“It is different, it feels different for us,” Quinn said Monday during a conference call. “We have a much better way that we reset. We learned a lot from last year’s start and learned a lot from last year’s season.”

    Two weeks ago, the Falcons dominated through the air in their 48-33 home win over Carolina. Matt Ryan passed for a team-record 503 yards with four touchdowns, including 300 yards to Julio Jones, a team record for yards receiving in a game.

    On Sunday, Jones had only two catches for 29 yards, but Atlanta rode strong defense, including a surprising six sacks, to beat the Denver Broncos 23-16. Vic Beasley Jr. had 3 ½ sacks.

    Running backs Devonta Freeman and Tevin Coleman led the offense. Freeman ran for 88 yards with a touchdown and Coleman was the Falcons’ leading receiver with four catches for 132 yards, including a 31-yard touchdown from Ryan.

    The Falcons found other ways to score when Denver’s defense focused on Jones.

    “The versatility is probably the thing that jumps out to us,” Quinn said, noting that running backs, receivers and tight end Jacob Tamme have taken turns as Ryan’s favorite target.

    For a team coming off a 6-10 record in 2014, last year’s .500 record was a step up. The problem was 8-8 felt like a big letdown following five straight wins to open the season.

    Atlanta began this season with a home loss to Tampa Bay, but will take a four-game winning streak into this week’s game at Seattle.

    “We love the style and identity of this year’s team and the attitude and style we like to play with,” Quinn said.

    For Quinn, it is a return to the city where he served as the Seahawks’ defensive coordinator under coach Pete Carroll. Quinn was hired by Atlanta before the 2015 season.

    Quinn said Carroll “had a huge impact on me as a coach in a lot of ways.” But Quinn was reluctant to say much about his time in Seattle.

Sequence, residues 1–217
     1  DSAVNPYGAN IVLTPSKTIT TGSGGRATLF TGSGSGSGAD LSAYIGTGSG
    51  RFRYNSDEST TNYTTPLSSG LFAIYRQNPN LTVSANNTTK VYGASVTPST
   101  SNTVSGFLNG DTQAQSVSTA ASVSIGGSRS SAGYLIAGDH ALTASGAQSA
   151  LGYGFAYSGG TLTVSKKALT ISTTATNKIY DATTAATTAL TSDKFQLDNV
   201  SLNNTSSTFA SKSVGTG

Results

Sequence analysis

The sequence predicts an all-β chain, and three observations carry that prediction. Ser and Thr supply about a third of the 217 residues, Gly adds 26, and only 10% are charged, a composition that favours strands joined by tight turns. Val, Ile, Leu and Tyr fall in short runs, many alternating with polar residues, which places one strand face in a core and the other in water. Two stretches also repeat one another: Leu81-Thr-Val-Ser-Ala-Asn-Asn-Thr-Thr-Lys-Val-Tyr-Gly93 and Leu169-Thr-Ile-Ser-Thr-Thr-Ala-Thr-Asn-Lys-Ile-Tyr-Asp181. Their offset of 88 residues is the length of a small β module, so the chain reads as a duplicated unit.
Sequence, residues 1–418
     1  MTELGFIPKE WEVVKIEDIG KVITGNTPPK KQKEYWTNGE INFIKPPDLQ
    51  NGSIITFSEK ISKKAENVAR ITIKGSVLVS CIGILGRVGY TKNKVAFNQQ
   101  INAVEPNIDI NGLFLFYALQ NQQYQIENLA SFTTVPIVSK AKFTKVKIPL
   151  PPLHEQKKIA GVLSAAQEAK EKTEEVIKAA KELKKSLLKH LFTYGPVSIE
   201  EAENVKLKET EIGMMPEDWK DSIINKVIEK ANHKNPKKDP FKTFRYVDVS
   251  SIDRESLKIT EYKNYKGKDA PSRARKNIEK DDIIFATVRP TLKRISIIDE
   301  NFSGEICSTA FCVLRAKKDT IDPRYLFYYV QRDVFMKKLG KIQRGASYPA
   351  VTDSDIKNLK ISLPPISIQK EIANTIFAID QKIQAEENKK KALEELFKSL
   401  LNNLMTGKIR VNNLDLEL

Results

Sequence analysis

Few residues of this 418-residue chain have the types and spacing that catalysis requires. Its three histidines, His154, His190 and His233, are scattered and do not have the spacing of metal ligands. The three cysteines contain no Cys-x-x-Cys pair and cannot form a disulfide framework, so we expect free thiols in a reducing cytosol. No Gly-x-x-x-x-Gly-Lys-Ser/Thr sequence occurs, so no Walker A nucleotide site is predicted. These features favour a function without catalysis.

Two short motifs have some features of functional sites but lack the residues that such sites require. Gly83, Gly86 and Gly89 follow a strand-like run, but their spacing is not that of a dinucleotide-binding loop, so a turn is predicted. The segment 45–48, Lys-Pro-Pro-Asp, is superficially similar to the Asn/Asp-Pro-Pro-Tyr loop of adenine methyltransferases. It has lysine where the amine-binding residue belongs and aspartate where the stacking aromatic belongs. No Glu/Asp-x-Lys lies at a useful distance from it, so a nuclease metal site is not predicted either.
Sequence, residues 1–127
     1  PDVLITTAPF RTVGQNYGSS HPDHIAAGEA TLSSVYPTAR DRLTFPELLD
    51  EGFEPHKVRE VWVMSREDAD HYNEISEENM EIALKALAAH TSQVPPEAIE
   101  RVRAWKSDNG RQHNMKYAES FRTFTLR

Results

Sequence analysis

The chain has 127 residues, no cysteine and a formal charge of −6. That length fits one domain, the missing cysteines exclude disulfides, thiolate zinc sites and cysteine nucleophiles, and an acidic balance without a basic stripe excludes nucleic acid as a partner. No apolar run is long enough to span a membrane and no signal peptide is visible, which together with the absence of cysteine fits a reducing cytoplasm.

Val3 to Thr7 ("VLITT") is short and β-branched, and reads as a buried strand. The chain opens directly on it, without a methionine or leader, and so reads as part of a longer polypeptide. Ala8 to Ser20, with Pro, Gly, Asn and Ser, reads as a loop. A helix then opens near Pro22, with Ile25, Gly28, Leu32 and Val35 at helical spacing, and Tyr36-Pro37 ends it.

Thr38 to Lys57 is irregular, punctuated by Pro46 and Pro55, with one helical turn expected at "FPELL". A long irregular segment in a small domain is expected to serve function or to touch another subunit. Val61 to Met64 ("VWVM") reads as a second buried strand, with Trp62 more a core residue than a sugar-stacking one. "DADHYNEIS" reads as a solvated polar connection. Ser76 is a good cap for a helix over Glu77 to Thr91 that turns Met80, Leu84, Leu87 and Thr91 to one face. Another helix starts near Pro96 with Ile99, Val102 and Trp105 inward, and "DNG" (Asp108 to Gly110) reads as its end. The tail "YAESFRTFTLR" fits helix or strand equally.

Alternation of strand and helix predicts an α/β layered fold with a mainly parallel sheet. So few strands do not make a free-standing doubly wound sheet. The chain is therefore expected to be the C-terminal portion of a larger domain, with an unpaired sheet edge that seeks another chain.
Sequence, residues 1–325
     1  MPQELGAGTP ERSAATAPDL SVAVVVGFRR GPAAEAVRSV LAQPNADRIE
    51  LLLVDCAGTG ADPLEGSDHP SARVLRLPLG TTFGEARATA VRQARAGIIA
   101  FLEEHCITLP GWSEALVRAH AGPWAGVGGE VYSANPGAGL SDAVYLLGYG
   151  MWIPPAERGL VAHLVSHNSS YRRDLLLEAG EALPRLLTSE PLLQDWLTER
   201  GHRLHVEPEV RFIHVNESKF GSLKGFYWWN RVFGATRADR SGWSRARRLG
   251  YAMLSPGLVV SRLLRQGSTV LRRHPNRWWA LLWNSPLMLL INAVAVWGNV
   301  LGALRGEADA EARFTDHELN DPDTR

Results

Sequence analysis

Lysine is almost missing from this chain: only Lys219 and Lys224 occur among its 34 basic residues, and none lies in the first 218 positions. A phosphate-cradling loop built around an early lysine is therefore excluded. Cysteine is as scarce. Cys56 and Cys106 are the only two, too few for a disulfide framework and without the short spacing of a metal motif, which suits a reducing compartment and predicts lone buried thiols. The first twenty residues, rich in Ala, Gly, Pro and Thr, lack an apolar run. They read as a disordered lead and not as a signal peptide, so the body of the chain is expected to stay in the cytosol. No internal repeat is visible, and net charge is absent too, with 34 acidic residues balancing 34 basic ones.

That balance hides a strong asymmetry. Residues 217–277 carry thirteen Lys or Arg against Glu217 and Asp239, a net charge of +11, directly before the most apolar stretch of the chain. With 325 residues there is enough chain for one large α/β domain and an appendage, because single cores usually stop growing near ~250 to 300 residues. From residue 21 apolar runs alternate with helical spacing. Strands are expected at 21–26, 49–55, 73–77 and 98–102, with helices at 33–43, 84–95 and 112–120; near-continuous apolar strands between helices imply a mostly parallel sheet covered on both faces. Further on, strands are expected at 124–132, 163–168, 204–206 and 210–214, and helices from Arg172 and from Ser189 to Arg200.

“My biggest focus this week is I want it to be about the guys,” he said.


  • Ravens fire Trestman, make Mornhinweg offensive coordinator– Convinced that the Baltimore Ravens’ sputtering offense wasn’t going to improve with Marc Trestman calling the shots, coach John Harbaugh fired his offensive coordinator Monday and replaced him with quarterbacks coach Marty Mornhinweg.The move came less than 24 hours after the Ravens scored only one touchdown in a 16-10 loss to Washington.”I just think we need a different chemistry in there right now to get to where we need to go,” Harbaugh said.

    “I think we all know what it needs to look like. It’s what plays get called in certain situations, but it’s also the physicality of our offense, it’s the attack-mentality of our offense, it’s how we go about our business. Those are things that just weren’t getting there.”

    And so, it was time for a change.

    “We need to ramp things up,” Harbaugh said.

    The Ravens (3-2) performed miserably on offense against the Redskins, who entered with the 29th-ranked defense in the NFL.

    After scoring a touchdown on its opening drive, Baltimore added a field goal in the second quarter and was blanked in the second half.

    During one stretch, the Ravens had seven straight possessions that lasted four plays or fewer. Trestman inexplicably abandoned the running game in the second half, even though Baltimore was averaging 5.7 yards per carry over the opening 30 minutes.

    “When you go back and look at it, I feel like we were running the ball well enough to run the ball a lot more than we did,” Harbaugh said.

    Trestman was in his second season as Baltimore’s offensive coordinator. Last season, the Ravens had the second-most total net yards in team history but went 5-11.

    This is the second time during Harbaugh’s nine-year run in Baltimore that he fired his offensive coordinator in the middle of the season.